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Salad Dressing Comes to the Rescue  © Mother Linda's

You can search the Web and find information about the history of salad dressings. They go back to ancient times and in their simplistic form contain oil and some acid like vinegar or lemon juice. Oil and vinegar, which normally repel each other, are whisked together into an emulsion, i.e., one is suspended in the other, called a vinaigrette (from the diminutive of the French term vinaigre, meaning vinegar).

Salad dressings are usually spiced up with other ingredients like garlic, salt and pepper or to make them a little tastier and then poured over the top of greens like chopped romaine or iceberg lettuce.

However, I don’t think the taste they impart to greens is the reason humankind created them. I believe it is because somewhere down the road of collective human history someone figured out they felt better when they consumed greens served up with acidic salad dressings. Why? Their natural acidic nature from the vinegar or lemon juice kills parasites on the greens.

About five years ago, I stopped enjoying restaurant salads. After a trip to the salad bar or a Cobb salad, my stomach would churn for a couple hours. At home, I thoroughly wash all greens and then religiously put them in bath of vinegar water for a minimum of five minutes--and thus, I love salads at home.

I speculate the quick vinegar bath kills both parasites hanging onto the leaves acquired in the fields and from human contact. I know, nowadays many packages of greens say they are “triple washed,” and restaurants often have such greens, but I still think greens can benefit from being pre-soaked in a dilute vinegar solution.

From talking with alternative healthcare providers, I have learned that as we age, we start to lose some of the enzymes and hydrochloric acid in our digestive system. Hence, as a substitute vinegar is killing some of the parasites and unwanted critters in our food supply that ample hydrochloric acid in our stomachs would normally take care of. 

How to clean your greens so they can be thoroughly enjoyed:

 

  1. Thoroughly clean greens of all visible dirt by running under cold water

  2. Chop the greens in the manner they will be used for your recipe

  3. Place the greens in a salad spinner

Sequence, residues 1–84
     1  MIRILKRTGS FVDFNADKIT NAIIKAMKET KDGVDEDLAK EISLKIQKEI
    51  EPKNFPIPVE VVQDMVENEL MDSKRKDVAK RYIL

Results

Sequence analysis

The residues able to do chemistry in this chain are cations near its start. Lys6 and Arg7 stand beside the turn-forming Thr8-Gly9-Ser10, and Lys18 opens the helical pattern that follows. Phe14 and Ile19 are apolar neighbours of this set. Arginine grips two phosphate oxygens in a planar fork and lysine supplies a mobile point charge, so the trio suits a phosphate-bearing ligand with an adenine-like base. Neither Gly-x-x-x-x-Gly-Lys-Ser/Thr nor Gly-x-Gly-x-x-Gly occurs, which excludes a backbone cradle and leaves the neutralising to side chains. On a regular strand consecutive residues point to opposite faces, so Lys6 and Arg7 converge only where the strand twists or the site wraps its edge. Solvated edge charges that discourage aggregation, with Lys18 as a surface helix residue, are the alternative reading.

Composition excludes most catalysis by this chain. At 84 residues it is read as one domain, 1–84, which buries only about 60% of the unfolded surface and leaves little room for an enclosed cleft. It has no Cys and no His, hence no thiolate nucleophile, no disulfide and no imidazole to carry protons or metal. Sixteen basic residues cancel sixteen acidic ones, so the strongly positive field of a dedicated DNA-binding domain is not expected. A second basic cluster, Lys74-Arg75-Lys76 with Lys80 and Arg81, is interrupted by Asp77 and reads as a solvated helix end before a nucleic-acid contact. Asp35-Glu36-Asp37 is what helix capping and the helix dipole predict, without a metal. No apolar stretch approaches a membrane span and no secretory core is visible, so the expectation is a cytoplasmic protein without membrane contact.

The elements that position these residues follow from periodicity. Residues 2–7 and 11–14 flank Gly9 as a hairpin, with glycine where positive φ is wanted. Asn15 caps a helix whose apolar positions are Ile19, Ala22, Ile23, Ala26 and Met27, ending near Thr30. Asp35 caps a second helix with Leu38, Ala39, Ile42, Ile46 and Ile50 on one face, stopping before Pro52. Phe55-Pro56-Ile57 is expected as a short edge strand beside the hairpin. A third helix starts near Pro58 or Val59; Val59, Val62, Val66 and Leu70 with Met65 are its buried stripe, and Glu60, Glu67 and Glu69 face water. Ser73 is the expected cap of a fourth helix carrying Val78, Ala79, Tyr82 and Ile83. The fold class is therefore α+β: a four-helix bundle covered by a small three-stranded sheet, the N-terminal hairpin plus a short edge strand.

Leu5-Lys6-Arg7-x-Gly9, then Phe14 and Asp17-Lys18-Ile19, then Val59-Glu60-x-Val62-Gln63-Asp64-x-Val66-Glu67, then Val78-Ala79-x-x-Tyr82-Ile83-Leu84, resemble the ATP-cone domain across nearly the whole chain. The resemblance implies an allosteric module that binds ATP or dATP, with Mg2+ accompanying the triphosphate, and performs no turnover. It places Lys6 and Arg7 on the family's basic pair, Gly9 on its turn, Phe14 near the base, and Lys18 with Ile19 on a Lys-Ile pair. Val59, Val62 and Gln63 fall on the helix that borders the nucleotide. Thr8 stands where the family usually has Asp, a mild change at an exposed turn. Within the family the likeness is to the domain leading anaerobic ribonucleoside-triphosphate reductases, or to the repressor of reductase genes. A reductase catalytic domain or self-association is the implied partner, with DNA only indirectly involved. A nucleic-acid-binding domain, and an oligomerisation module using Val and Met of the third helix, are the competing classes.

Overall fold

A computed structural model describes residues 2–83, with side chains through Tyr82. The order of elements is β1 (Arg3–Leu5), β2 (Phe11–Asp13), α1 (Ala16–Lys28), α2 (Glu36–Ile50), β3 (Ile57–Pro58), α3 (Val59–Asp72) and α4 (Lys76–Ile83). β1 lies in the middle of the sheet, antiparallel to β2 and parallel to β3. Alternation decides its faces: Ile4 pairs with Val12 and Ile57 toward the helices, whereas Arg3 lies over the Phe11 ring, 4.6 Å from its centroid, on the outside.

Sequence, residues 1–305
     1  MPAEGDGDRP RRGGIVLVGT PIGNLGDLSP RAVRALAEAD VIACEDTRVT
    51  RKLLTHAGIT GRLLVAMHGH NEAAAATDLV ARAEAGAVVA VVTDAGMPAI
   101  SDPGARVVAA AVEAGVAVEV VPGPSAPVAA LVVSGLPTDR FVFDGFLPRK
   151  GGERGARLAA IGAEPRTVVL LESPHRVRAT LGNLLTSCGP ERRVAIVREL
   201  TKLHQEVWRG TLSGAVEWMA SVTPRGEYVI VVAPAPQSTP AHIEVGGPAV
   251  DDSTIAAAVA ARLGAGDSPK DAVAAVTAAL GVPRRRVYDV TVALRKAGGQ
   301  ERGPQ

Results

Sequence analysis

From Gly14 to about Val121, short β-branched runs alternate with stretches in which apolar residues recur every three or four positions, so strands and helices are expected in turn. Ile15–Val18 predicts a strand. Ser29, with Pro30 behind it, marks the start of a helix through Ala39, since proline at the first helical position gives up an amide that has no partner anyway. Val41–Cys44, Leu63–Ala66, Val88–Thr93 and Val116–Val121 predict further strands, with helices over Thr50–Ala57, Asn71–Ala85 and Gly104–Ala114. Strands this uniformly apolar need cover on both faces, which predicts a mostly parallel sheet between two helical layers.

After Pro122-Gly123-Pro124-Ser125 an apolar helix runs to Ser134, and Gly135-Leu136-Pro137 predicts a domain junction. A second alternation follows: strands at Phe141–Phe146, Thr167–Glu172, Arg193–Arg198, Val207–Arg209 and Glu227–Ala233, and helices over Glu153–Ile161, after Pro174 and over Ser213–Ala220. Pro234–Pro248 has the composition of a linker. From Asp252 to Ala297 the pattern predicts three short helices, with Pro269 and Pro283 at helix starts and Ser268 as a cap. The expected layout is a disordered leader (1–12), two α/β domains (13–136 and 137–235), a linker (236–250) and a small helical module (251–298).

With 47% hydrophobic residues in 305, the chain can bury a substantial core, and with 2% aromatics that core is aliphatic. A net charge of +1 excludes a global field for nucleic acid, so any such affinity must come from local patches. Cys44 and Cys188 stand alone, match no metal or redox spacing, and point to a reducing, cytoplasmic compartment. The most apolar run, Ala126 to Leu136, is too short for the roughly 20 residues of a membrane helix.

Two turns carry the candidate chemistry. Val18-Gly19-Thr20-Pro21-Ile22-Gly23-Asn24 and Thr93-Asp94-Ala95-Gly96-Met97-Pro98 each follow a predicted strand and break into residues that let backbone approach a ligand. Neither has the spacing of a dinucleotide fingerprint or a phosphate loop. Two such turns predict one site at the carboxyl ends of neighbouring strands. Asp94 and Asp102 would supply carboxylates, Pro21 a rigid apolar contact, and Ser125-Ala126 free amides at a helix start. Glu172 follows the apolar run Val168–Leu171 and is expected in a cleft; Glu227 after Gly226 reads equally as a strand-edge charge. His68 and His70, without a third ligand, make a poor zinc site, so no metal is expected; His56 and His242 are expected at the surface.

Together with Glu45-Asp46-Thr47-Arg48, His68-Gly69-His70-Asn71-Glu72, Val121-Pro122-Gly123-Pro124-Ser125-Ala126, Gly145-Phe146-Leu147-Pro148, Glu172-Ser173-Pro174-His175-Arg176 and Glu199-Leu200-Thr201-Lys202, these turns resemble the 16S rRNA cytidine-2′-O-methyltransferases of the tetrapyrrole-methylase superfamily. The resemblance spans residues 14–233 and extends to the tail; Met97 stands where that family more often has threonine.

4. Cover with cold water; add at least ¼ cup vinegar

  5. Let sit for five minutes; this will kill many parasites

  6. Thoroughly rinse off the greens until the vinegar taste is gone.

  7. Spin the lettuce to remove excess water

  8. Use as called for in recipe

 

In order to minimize demands when dining out (such as to avoid what could be construed as an odd request for salad greens be pre-soaked in vinegar), I ask the waiter for a few lemon slices—and squeeze the lemon juice onto the whole salad, and turn it with a fork to fully coat each piece, and let it sit for five minutes before consuming.

As for the vinegar used to wash the greens and make salad dressing, I recommend white distilled vinegar for washing the greens and apple cider vinegar for dressing. Distilled vinegar is markedly cheaper than apple cider vinegar and you are eventually going to pour it down the sink, so that's why I recommend it for soaking the greens.

However, when it comes to something you are going to ingest, I recommend old-fashioned apple cider vinegar that contains the "mother," i.e., remnants of the culture the apple juice was fermented with.

Basic Vinaigrette

This is a oil/vinegar salad dressing recipe slightly modified from one in one my favorite cookbooks, Cooking with Michael Field.

3 Tbsp. good-quality olive oil

1 Tbsp. apple cider vinegar

Sea salt

Freshly ground black pepper

Use a whisk to emulsify the olive oil and vinegar. Season with salt and fresh ground pepper.

**I would love to hear from you if you have had trouble with digesting greens and if this method works for you.

 

First posted January 7, 2007.

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